Textures & Concepts
As we will see, the latter (in Zender’s approach) includes a (comparatively) rich and varied instrumentation, and deviation from Schubert’s original accompaniment. The latter includes new musical material, based upon motifs, fragments or singular features from the piano accompaniment, repetitions also in the text, expansions and compression, harmonic alterations / modulations, and Zender also employs the physical space by making musicians play from the edges of the audience, even from outside of the concert hall. Lastly, the question of course is: is this still Schubert? Or even: is this still somewhere near Schubert’s intent? The term “compositorial interpretation” claims so—the question is whether this holds true in the (a) listener’s (i.e., my) perception. We’ll see.
I. Gute Nacht — Fremd bin ich eingezogen
Hans Zender’s “interpretation” starts by sneaking in with the faintest of noises from the percussion, barely audible, but gradually marking the rhythm of “Gute Nacht” (“Fremd bin ich eingezogen“, i.e., “As a stranger I once moved in”).
Then, wind instruments from the back of the audience, later also the string instruments on the podium playing “col legno” (with the back of the bow) start with repeated fragments of the melody of that song. In the original song text, the “moving in” is a reminiscence from the past (the real content is focusing on the “Fremd zieh ich wieder aus“, i.e., “A stranger still, I’m moving out again”. Here, however, the “moving in” is illustrated by the wind players walking towards the podium while playing, then joining the orchestra. A mis-perception by Zender? Or just a mis-placed focus in favor of a fancy idea? Obviously, we can’t have the musicians moving out at the beginning of the concert!
There were some rhythmic shifts / asynchronicities in this first part, which (in parts) looked like coordination issues with the wind players walking while playing (not an easy task for an ordinary orchestra!). However (at least, without consulting the score), in parts, this also sounded like a deliberate, aleatoric element in this introduction. The string instruments then start Schubert’s original accompaniment, and the singer’s voice finally gets the listener into Schubert’s original song. The song then builds up to a dramatic climax, where not only the orchestra expands the musical language dramatically (with dissonances, noise, percussion), but also the singer expands the original scope towards Sprechgesang, spoken / recited words, even shouting. In the end, the song retracts to finer, softer moods, with harp, guitar, flutes, melodicas.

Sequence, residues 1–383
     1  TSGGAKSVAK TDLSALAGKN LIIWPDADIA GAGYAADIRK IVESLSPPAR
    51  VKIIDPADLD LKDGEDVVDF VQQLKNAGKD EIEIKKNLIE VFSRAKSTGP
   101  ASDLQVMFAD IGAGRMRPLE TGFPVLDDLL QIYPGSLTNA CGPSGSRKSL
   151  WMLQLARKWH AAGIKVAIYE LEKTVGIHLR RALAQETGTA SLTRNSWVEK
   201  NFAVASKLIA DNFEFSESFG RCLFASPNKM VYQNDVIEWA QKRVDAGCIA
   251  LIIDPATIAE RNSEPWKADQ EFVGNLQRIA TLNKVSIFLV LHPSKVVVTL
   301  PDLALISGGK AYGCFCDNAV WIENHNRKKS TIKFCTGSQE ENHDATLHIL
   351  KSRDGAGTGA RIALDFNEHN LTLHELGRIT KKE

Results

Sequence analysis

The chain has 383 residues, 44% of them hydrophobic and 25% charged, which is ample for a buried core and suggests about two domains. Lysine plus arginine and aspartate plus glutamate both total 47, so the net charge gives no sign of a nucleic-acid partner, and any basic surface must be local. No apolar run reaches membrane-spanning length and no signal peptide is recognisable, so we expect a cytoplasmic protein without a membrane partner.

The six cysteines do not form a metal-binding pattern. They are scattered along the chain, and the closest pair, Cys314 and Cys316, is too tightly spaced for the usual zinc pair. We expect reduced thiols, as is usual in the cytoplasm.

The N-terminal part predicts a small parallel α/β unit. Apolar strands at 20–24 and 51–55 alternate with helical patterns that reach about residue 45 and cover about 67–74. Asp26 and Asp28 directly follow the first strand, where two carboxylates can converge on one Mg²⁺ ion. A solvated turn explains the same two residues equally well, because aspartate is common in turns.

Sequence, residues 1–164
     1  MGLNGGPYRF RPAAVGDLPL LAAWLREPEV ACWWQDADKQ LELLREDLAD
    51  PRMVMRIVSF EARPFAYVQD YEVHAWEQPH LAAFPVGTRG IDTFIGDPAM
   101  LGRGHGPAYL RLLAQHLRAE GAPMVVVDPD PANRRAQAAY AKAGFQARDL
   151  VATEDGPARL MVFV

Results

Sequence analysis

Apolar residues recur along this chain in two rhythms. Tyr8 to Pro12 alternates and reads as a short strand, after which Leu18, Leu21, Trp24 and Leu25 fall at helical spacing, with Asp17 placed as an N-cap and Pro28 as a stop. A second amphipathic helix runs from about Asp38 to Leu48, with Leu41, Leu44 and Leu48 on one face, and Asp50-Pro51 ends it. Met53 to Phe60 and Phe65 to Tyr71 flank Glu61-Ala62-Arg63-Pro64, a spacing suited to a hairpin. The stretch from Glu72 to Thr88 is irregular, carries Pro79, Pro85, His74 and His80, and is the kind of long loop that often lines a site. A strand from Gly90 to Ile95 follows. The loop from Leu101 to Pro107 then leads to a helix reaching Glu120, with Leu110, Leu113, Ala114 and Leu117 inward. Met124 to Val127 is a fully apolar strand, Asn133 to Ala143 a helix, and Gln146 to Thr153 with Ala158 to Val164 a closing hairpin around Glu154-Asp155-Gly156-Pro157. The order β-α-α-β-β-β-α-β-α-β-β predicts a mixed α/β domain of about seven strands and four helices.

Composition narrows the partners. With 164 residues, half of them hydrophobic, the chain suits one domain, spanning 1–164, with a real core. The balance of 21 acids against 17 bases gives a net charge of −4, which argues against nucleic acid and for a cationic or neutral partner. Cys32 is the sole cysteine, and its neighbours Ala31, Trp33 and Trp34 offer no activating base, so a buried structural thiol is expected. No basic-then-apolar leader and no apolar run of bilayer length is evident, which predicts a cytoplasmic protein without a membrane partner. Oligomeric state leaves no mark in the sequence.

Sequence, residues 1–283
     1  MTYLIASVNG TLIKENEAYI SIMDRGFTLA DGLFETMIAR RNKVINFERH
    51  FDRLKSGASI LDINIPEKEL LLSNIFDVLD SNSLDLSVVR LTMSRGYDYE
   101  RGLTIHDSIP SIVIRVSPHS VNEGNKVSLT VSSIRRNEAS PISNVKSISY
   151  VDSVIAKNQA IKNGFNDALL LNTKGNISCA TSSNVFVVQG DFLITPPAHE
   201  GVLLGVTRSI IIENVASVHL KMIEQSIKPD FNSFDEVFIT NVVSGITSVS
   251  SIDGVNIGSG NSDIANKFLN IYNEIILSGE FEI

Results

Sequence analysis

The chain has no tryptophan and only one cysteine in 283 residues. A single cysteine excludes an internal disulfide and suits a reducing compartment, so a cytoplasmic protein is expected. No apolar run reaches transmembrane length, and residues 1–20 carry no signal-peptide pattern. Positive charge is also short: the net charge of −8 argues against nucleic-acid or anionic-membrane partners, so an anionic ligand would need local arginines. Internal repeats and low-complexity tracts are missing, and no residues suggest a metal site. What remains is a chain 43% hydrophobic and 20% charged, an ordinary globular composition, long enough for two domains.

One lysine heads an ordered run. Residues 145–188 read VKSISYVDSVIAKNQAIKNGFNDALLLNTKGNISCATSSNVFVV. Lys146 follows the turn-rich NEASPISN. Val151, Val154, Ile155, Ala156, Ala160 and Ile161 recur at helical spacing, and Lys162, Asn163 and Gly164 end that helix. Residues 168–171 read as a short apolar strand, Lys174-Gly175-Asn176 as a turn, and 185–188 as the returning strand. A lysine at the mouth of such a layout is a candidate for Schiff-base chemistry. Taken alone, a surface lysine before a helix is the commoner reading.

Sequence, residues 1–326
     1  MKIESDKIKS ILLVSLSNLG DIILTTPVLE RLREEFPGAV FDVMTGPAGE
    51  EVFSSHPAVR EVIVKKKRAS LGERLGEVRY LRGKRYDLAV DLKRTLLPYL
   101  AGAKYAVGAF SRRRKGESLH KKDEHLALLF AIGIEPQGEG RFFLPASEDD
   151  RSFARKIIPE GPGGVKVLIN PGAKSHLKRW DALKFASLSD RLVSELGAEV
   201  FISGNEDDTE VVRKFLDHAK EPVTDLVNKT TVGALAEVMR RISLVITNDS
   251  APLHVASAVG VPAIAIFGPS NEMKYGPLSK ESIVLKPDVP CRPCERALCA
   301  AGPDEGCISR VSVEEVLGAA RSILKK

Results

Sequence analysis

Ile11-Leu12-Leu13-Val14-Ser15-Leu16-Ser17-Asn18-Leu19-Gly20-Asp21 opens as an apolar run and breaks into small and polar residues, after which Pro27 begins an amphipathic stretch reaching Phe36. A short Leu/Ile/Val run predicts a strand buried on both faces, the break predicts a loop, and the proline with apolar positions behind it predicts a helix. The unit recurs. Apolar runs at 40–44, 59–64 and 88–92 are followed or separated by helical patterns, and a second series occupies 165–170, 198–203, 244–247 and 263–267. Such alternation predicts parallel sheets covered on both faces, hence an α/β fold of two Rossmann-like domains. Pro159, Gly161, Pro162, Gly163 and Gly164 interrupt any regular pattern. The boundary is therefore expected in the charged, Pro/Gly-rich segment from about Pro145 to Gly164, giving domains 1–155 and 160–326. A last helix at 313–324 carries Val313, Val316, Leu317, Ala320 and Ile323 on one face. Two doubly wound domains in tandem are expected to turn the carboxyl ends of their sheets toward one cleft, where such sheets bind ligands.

II. Die Wetterfahne
One could almost guarantee the use of the wind machines for the second song. Zender’s dramaticized interpretation was aptly suited to point out Ian Bostridge’s real strength: his dramatic side, his expressive singing. Bostridge’s voice had little problems standing against the orchestra—there were very few instances, though, where in the lower register it got covered by the orchestra; I would not blame that on the orchestra (or the conductor), rather on Zender’s disposition / instrumentation.
III. Gefror’ne Tränen
Here, Zender illustrates the frozen state with staccato in the wind section, harp, and pizzicato, giving ample focus to Bostridge’s excellent singing. I don’t want to expand on recent, awful stage incidents with this singer, where an audience member blamed him for not pronouncing proper German. Sure, one can hear from the coloring of some vowels that his mother tongue is not German. However, by all means, his diction, particularly with consonants is flawless, his words as understandable as from most other, top-of-the-line singers (even better than some!). Moreover, what is more relevant & important: his singing leaves no doubt that he has a profound intellectual and emotional understanding of the lyrics. I would again put his understanding on a par with (past & present) native German masters of his profession, including Dietrich Fischer-Dieskau (1925 – 2012).
Here, Zender illustrates the despair, the frozen state by sound color distortions, primarily involving the wind section, down to the contrabassoon. To me, this song not expresses despair, but also loneliness, reflection, painful memories—overall, Zender’s music sounded too busy to me, sometimes to loud, ignoring the more intimate aspects. Some of the latter were there in Bostridge’s singing, but were in danger of drowning in the busy accompaniment. Or did Zender primarily want to illustrate the feeling overwhelmed by past memories and pain? I think there’s more to the poem than that.
V. Der Lindenbaum — Am Brunnen vor dem Tore
Here, I definitely think that Schubert’s piano accompaniment is far superior in illustrating the serene, longing, reflective nature of the poem. The use of the accordion (i.e., melodicas) is a little too demonstrative to illustrate remembrance, to say the least.
An expressive song about pain, longing, tears. “Amateurish” brass intonation / articulation, glissandi in the strings illustrate the pain and hopelessness. The voice culminates in Sprechgesang, as if tones were inadequate to express the pain.
VII. Auf dem Flusse
In these two songs, the original voice line is left essentially unchanged. However, in the climaxes (particularly in “Rückblick“), the busy accompaniment was in danger of covering the voice—was Zender assuming that the audience has internalized the poetic content of the original anyway?
Distant wind playing from outside the hall aptly illustrated the “Irrlicht” (erring light), indeed initially producing a ghastly atmosphere. Once more, I’m missing the internalized thoughts and feelings, reflective aspect—Zender seems to “externalize” all this. An interesting detail: in the second verse, “Uns’re Freuden, uns’re Wehen” was changed into “Uns’re Freuden, uns’re Leiden“, hereby destroying the rhyme scheme (the first line is “Bin gewohnt das Irregehen“). Was this because now “Wehen” in German specifically refers to labor pains?